In the discussion, the proposed crackdown on select places that may be grooming fundamentalism were portrayed as a step planning to ‘close thousands of Islamic religious schools’ but little practical advice was offered how the Government could do this without hurting the religious freedom of Muslims in general.

Since 2019 April, the Muslims of Sri Lanka should have been assisted by all Government and non Government stakeholders to take control of cracking down on religious radicalisation which led to the April 2019 Easter carnage.

After this horrendous crime, there were a couple of events organised by Lankan Muslim organisations I attended shrouded by largely a defensive stance and a keenness to portray the incident as a conspiracy theory.

There was little consideration given to the fact that even if it indeed was a conspiracy of sorts that it took eight Muslims born and brought up in Sri Lanka to blow themselves up. The response to such a question was that these people who blew themselves up were ‘not Muslims.’

It is true that such terror is an absolute mis-representation of Islam – when the word Islam is linked with the word ‘peace’ but the fact is that those who blew themselves up did so with the (wrong) belief that it was prescribed as an act of faith. It is this that should be worrying to any religious group which is carrying out acts of violence in the name of religion. If Buddhists and Christians are doing this, steps should be taken to correct such a stance.

With regard to the Easter attacks, ideally the ACJU and other Muslim groups should have considered suggesting (initiating) the reforms needed and making detailed and genuine recommendations to the Government, to ensure those such as Zahran do not ever again get to mislead Muslim Lankan youth This is something all Lankan Muslim human rights activists and all progressive Islamic thinkers should have proactively begun two years ago. Radicalisation as a germ of extremism has no religious boundaries. A genuine attempt at preventing radicalisation means that this is adequately recognised. The fact remains that the regime is democratically elected. It was the will of the Sri Lankan people in 2019. What seemed lacking in last Tuesday’s UN supported initiative to lobby for the Resolution on Sri Lanka is recognising this fact.

It seemed as if the international bias against the Govrnment dominated the narrative and this may only contribute to hardening hearts and further dividing the Lankan people. Despite peace being the elusive claim, the UN saga played out every year seems to have only allowed the further distancing of permanent peace.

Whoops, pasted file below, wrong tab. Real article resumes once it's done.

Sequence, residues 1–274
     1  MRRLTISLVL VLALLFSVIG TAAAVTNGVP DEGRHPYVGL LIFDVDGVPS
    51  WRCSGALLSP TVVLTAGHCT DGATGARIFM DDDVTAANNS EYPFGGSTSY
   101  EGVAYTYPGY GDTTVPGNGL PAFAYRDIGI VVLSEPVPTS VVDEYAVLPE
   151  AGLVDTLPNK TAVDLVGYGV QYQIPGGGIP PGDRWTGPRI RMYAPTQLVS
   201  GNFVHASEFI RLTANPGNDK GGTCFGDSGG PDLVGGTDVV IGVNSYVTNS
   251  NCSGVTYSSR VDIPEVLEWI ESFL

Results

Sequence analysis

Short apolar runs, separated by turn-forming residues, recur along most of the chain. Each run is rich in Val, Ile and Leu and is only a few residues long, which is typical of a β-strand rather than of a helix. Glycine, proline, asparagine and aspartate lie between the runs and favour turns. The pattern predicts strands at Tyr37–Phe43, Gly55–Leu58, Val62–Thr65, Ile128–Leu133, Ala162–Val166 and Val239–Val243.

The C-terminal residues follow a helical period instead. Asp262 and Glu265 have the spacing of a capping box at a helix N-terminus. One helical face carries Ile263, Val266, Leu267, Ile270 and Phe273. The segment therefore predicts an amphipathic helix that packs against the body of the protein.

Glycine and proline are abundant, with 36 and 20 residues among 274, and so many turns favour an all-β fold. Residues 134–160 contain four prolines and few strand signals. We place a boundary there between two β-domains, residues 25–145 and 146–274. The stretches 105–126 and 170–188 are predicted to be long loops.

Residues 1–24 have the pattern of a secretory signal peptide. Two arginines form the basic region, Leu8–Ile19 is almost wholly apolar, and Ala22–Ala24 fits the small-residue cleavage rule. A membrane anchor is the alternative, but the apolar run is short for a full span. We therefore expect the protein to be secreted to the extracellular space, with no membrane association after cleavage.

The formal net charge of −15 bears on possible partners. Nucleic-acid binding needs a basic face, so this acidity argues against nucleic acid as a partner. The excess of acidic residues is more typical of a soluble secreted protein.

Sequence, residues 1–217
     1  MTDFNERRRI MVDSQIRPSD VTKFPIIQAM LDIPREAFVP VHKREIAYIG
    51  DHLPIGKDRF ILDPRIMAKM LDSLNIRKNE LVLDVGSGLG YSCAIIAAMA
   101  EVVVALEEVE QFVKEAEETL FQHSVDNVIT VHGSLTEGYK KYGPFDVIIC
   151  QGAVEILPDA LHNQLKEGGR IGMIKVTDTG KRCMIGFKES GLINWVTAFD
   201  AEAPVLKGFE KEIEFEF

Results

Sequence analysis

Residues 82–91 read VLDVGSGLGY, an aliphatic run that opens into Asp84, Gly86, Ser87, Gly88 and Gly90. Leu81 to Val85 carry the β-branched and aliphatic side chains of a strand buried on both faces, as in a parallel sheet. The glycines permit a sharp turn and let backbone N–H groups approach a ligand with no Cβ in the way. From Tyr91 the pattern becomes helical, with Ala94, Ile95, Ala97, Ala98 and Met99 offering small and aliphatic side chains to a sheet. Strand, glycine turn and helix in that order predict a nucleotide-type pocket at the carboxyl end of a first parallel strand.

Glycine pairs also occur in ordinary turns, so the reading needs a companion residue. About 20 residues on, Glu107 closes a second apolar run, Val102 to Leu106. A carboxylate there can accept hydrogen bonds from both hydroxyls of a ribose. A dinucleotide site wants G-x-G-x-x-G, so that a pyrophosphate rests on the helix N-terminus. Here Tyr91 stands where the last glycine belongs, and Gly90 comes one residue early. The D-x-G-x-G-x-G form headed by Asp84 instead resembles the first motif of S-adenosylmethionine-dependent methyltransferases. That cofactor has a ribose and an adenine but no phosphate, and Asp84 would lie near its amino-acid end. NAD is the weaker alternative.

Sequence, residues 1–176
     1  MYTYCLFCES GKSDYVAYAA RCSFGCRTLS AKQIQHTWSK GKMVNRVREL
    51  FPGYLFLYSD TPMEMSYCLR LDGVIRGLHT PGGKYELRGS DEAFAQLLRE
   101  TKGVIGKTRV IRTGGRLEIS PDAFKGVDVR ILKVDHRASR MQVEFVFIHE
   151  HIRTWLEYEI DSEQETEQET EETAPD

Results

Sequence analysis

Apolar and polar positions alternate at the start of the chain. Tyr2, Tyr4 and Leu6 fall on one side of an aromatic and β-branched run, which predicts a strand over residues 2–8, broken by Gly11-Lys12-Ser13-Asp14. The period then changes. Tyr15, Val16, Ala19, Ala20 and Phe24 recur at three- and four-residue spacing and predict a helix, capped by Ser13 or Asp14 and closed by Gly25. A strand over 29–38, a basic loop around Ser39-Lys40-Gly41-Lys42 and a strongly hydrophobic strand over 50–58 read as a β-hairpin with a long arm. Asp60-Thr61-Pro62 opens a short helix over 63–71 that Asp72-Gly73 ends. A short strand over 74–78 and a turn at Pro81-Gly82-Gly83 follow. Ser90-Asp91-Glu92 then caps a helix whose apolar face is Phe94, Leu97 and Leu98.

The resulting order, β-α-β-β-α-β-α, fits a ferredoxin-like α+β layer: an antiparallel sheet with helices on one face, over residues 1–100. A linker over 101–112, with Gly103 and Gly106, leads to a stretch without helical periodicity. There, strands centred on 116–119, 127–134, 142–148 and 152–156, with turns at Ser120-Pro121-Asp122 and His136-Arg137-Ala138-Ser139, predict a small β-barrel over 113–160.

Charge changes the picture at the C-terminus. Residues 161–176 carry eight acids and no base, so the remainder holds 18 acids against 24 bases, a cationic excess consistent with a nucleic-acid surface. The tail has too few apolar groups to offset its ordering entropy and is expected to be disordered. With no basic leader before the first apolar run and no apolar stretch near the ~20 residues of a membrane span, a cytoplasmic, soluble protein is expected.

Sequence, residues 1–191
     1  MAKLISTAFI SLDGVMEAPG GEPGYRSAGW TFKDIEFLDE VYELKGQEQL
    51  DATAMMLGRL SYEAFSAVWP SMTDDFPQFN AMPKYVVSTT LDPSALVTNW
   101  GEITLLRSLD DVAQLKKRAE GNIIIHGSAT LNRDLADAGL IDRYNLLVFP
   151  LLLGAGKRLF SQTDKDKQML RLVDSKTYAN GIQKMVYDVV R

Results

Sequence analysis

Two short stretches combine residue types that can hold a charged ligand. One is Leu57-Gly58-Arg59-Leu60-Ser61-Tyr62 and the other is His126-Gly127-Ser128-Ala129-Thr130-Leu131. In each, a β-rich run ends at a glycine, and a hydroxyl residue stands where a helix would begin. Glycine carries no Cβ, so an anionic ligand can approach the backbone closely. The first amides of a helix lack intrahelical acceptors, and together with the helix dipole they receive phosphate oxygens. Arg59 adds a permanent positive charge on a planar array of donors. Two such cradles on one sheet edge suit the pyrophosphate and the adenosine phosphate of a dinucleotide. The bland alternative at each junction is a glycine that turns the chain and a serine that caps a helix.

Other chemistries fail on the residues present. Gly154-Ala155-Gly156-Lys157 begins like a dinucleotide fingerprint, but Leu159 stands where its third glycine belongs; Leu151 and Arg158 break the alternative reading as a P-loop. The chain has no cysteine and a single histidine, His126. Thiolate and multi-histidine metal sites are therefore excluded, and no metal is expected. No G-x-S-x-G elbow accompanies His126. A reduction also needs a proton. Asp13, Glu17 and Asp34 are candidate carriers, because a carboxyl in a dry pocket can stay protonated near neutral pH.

Divided vote base

The Geneva-Lanka dynamics every year has expanded the divide between the Sinhalese and others, and has allowed politicians of diverse hues to further politicise the ethnicity card. It has further divided the voter base in Sri Lanka on ethnic lines. It has not allowed Sri Lanka to move on and has not helped Sri Lanka to see that it needs to move on in a sensitive manner; instead it has only made Sri Lanka more and more self-justifying. Human rights defenders should be protected.

The freedom of expression should be protected. These should be taken as important contributions in considering how certain sections of the society are reacting to government policies. The Government, whatever the Government, should also have an active progressive strategy to engage with these groups to ensure that they represent the issues of Lankans in Sri Lanka before these issues get aired out at the international level. However, it is also the responsibility of such people and groups to reflect all sides of the argument and not make human rights a one sided representation that colludes with vested international politics which will always be one that will pit bigger powers against the smaller and where power and domination will be a key factor.

As MP Sumanthiran maintained at the international event on Lanka as described in this article, the seeking of justice by Lankans through foreign entities is because they fail to have confidence that they can obtain it in their home country. However, he may agree that had Velupillai Prabhakaran lived, Sumanthiran himself may have found his life to be threatened and no international entity to turn to for justice.


It is known that there is some myopia in the international sphere of justice – such as, for example, when the former LTTE Women’s Wing Leader Subramaniam Sivakamy alias ‘Col’ Thamilini surrendered to the Security Forces in the last phase of the fighting between the LTTE and the Government military in 2009, she found herself facing difficulty in getting the needed protection from international agencies committed to do so. She was told by a prominent Lankan Tamil lawyer who had made a career of talking about Tamil rights, that she had to pay if she was to be legally represented by him.

It is a Marxist-oriented Sinhala lawyer who volunteered to represent Thamilini free of charge, along with another Tamil lawyer who agreed to assist them. Sri Lanka has faced incidents that threaten communal harmony, but in the worst of times, there have been an equal amount of humanity and kindness which does not get featured either in the local or international media, because the media as an entity is generally only mentally conditioned to focus on conflict.

This is one reason for the international community’s ignorance on some of the matters it is trying to understand.